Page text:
According to one study, 30.6 million adults, equating to 12.6 percent, admitted to past-year benzodiazepine use. The figures state that 25.3 million, or 10.4 percent used the drugs as prescribed. However, 5.3 million, or 2.2 percent, reported misusing benzodiazepines like clonazepam and alprazolam. Misuse accounted for a staggering 17.2 percent of overall benzodiazepine use. Adults between the ages of 50 and 64 had the highest rate of taking benzos as prescribed, while 18 through 25 had the highest rate of misuse. Benzodiazepine abuse was strongly associated with misuse, abuse, or dependence on opioids.
These drugs are commonly prescribed, but what’s the difference in potency, addictiveness, and how addiction is treated between clonazepam and alprazolam? We’ll discuss that below.
What Is Clonazepam?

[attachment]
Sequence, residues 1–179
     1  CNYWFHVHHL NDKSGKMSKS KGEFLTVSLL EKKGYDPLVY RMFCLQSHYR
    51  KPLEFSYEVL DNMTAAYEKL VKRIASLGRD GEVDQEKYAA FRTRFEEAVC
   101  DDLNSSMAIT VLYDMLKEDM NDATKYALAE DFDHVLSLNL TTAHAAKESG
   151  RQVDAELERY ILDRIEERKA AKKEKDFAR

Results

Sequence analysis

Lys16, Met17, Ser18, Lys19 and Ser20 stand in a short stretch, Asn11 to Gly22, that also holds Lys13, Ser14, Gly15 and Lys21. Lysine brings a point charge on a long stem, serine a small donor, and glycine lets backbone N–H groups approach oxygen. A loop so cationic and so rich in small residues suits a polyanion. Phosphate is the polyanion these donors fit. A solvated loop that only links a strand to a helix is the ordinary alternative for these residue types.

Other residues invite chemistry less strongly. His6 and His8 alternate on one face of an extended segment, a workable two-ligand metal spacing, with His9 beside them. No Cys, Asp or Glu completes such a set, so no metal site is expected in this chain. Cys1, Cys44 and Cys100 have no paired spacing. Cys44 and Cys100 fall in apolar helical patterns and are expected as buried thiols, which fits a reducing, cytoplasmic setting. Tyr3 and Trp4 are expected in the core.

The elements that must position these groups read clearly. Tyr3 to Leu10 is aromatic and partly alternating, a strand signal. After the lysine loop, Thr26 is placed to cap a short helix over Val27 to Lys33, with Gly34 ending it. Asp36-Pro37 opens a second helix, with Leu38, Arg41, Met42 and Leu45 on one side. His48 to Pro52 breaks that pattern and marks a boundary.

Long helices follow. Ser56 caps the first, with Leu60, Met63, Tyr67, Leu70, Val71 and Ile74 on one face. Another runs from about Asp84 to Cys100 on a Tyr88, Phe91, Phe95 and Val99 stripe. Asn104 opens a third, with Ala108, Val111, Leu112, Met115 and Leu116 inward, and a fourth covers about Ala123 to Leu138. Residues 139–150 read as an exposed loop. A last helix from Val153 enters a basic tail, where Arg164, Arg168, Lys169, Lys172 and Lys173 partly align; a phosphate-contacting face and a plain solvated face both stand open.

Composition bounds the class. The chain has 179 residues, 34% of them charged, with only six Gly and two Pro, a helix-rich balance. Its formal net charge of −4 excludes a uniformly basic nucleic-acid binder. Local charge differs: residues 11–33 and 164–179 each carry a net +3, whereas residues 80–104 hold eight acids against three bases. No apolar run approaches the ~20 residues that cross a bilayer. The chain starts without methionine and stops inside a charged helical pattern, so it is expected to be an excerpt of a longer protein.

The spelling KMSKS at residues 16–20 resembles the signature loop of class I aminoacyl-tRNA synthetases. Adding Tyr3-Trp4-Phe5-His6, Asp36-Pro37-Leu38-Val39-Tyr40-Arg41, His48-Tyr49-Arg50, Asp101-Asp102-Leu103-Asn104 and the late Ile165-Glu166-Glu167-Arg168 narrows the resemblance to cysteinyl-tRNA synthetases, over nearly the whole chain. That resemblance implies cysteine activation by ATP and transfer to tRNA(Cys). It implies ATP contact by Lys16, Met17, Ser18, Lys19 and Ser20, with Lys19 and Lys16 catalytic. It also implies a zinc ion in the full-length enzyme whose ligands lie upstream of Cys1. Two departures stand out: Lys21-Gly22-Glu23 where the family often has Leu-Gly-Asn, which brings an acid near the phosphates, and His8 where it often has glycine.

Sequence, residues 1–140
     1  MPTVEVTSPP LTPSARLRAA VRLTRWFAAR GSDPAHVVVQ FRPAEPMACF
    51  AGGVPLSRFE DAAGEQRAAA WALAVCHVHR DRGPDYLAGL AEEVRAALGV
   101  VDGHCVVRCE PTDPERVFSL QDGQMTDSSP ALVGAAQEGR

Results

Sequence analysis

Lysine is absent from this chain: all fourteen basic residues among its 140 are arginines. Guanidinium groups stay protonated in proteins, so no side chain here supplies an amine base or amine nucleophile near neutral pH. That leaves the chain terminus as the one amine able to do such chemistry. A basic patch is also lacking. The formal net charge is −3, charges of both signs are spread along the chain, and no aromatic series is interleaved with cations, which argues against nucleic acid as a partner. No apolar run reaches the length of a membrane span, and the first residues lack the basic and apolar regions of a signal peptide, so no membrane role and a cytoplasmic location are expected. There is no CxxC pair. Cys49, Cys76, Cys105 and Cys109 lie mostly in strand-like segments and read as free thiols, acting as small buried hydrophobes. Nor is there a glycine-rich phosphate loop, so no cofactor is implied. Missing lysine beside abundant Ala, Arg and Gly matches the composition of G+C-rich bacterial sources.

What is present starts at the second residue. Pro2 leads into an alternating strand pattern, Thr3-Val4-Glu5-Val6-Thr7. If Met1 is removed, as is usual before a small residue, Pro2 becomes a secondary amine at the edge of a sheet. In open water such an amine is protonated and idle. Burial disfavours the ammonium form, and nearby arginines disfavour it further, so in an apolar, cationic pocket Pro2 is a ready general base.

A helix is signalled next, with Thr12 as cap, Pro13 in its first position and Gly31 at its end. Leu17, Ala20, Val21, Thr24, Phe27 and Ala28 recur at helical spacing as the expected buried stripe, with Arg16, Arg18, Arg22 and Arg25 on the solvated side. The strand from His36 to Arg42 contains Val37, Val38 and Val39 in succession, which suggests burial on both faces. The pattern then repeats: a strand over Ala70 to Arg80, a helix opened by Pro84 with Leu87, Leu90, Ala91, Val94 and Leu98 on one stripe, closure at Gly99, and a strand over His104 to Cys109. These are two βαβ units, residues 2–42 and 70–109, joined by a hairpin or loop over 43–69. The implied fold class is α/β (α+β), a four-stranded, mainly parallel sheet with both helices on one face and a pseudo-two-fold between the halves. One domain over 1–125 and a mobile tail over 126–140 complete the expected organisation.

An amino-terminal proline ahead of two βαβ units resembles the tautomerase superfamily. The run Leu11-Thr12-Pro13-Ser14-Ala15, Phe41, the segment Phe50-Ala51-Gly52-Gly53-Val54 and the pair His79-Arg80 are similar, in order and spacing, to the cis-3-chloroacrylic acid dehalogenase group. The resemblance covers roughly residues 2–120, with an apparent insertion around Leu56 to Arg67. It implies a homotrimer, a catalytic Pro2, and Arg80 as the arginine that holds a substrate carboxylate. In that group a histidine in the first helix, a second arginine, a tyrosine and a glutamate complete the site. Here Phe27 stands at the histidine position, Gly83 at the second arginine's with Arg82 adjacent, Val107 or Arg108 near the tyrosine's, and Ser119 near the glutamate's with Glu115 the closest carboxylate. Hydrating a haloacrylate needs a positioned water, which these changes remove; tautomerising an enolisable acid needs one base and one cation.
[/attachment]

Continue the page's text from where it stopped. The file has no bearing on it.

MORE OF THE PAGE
Clonazepam, also known as Klonopin, is a benzodiazepine drug primarily used to prevent and control seizures. It’s also known as an anticonvulsant or antiepileptic drug, differentiating it from Xanax. While it’s also used to treat panic attacks, it’s more often used for the treatment of seizures. The medication works by calming your nerves and brain. These medications help those unable to produce enough gamma-Aminobutyric acid (GABA) to control these issues naturally. An overactive nervous system can lead to the problems mentioned above.
Despite its ability to prevent seizures and relieve anxiety attacks, many people use these drugs for reasons not mentioned. Clonazepam produces side effects like euphoria that cause individuals to misuse the medication. After a few weeks, a small dose won’t cut it, and users increase their amount to achieve the same euphoria they encountered when they began using it. Unfortunately, this puts them on the fast track to addiction.